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Jean Francois Galaup LAPÉROUSE,
(1741-1788)

Read the ebook Laperouse, by Sir Ernest Scott

All Sydney people, and most of those who have visited the city, have seen the tall monument to Lapérouse overlooking Botany Bay. Many have perhaps read a little about him, and know the story of his surprising appearance in this harbour six days after the arrival of Governor Phillip with the First Fleet. One can hardly look at the obelisk, and at the tomb of Père Receveur near by, without picturing the departure of the French ships after bidding farewell to the English officers and colonists. Sitting at the edge of the cliff, one can follow Lapérouse out to sea, with the eye of imagination, until sails, poops and hulls diminish to the view and disappear below the hazy-blue horizon. We may be sure that some of Governor Phillip's people watched the sailing, and the lessening, and the melting away of the vessels, from just about the same place, one hundred and twenty four years ago. What they saw, and what we can imagine, was really the end of a romantic career, and the beginning of a mystery of the sea which even yet has not lost its fascination.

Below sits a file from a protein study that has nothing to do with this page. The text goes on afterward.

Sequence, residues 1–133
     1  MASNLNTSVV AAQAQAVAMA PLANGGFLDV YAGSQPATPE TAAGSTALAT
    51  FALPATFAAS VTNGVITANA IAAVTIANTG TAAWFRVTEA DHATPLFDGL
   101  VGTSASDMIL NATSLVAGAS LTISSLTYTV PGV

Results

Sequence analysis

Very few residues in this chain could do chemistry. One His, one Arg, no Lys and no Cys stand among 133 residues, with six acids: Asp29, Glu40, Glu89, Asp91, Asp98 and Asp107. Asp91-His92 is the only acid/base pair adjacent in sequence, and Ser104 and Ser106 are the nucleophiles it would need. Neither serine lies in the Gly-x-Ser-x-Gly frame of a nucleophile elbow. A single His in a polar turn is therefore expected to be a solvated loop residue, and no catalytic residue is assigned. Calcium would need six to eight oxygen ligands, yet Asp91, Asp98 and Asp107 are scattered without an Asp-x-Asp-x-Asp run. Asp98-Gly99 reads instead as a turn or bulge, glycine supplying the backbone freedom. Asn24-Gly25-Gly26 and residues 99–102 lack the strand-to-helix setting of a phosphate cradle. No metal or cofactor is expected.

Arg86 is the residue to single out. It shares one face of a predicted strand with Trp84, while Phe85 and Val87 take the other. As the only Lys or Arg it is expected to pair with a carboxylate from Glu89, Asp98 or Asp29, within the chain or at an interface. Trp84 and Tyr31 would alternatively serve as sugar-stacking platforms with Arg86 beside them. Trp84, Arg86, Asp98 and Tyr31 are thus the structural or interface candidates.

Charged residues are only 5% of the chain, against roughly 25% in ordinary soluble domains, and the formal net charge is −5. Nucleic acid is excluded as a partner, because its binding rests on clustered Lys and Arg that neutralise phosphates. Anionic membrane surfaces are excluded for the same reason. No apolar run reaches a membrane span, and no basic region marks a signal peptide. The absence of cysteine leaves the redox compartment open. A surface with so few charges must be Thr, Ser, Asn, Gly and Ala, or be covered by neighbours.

The story of that life is surely worth telling, and, we trust, worth reading; for it is that of a good, brave and high-minded man, a great sailor, and a true gentleman. The author has put into these few pages what he has gleaned from many volumes, some of them stout, heavy and dingy tomes, though delightful enough to "those who like that sort of thing". He hopes that the book may for many readers touch with new meaning those old weatherworn stones at Botany Bay, and make the personality of Lapérouse live again for such as nourish an interest in Australian history.

—From the Foreword to Laperouse, by Sir Ernest Scott, published in 1913.